Christian students and LGBT rights activists conducted a protest of the Hong Kong Red Cross’ ban on gay men donating blood at the NGO’s annual award-giving ceremony on Sunday.
The Hong Kong Red Cross asks all prospective blood donors to complete a questionnaire, and rejects males who say they have had – at any point in their lives – oral or anal sex with another male, either with, or without, the use of a condom.
On its website, the NGO cited the heightened risk of HIV among gay males as a reason for the ban: “Individuals engaged in high risk activities such as being sexually promiscuous, having male to male sex and intravenous drug usage should refrain from blood donation.”
But the Student Christian Movement of Hong Kong said in a statement on Sunday that unsafe sex is the main factor causing HIV: “Therefore, it is unfair and unreasonable to specifically target male-to-male intercourse.”
The group led around 10 activists in Sunday’s protest at the Kowloon Bay International Trade and Exhibition Centre – where the NGO was presenting awards to Hongkongers who have donated blood 25 times.
“This stigmatises gay males,” said the group in its statement. “Hongkongers will also follow the Red Cross in stigmatising gay males because of its influence and authority.”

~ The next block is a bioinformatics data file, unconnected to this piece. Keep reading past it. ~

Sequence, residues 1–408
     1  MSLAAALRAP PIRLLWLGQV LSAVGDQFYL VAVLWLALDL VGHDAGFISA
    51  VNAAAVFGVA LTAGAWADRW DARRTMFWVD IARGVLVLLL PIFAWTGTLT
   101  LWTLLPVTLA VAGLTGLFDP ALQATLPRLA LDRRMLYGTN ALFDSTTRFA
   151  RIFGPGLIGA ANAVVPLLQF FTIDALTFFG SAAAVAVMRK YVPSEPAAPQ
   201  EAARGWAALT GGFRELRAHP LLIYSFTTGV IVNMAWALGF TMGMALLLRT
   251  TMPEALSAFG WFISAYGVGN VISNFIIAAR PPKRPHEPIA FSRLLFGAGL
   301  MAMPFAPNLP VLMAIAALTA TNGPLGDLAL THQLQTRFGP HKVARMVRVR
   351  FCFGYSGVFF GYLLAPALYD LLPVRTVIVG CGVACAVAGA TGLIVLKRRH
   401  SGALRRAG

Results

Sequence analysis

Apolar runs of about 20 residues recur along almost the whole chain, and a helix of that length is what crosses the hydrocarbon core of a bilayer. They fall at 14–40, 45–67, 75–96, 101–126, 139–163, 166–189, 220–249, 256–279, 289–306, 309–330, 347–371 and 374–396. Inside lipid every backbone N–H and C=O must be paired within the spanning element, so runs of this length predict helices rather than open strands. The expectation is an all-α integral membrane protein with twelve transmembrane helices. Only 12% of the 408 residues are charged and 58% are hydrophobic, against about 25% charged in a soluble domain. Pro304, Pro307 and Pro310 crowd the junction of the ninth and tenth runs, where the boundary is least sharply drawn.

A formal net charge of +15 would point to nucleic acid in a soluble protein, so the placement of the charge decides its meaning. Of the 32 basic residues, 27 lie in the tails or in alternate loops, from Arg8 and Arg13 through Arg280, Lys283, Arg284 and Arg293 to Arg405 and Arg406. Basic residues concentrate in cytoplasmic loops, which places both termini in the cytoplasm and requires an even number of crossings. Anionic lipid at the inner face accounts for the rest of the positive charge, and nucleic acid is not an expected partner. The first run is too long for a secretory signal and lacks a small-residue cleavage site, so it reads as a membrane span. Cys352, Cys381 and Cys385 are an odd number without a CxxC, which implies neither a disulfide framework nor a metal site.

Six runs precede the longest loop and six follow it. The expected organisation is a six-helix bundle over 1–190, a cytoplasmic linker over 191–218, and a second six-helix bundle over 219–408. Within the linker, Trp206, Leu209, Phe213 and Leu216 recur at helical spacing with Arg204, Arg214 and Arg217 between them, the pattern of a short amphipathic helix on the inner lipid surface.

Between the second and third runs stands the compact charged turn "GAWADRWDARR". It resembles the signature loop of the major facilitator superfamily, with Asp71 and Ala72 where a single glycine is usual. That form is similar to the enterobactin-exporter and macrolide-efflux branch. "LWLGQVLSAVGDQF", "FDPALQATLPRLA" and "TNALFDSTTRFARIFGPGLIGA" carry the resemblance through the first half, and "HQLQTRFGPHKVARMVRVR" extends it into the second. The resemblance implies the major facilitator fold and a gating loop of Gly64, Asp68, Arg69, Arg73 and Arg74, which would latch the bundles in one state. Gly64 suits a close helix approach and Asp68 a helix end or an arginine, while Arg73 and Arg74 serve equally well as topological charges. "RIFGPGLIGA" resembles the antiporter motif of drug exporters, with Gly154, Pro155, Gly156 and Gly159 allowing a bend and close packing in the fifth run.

The group recommended that the Red Cross allow gay males to donate blood if they have not had unprotected sex within the previous three months.
The Red Cross told HKFP that it had been meeting with different groups to potentially reform the policy.
“The Hong Kong Red Cross Blood Transfusion Centre is considering revising its guidelines permanently prohibiting males who have had sex with males from donating blood,” a spokesperson told HKFP. “The centre will continue to communicate with all stakeholders in order to take their views into account.”
Its questionnaire for prospective blood donors also asks females whether they have ever had sex with a male who has had sex with other males.
According to the Department of Health, the number of new reported cases of HIV in Hong Kong contracted through homosexual intercourse steadily increased over the past decade to a total of 378 last year, compared to 145 cases contracted through heterosexual intercourse. Statistics since 1984 suggest that males in the city are four times as likely to contract the virus.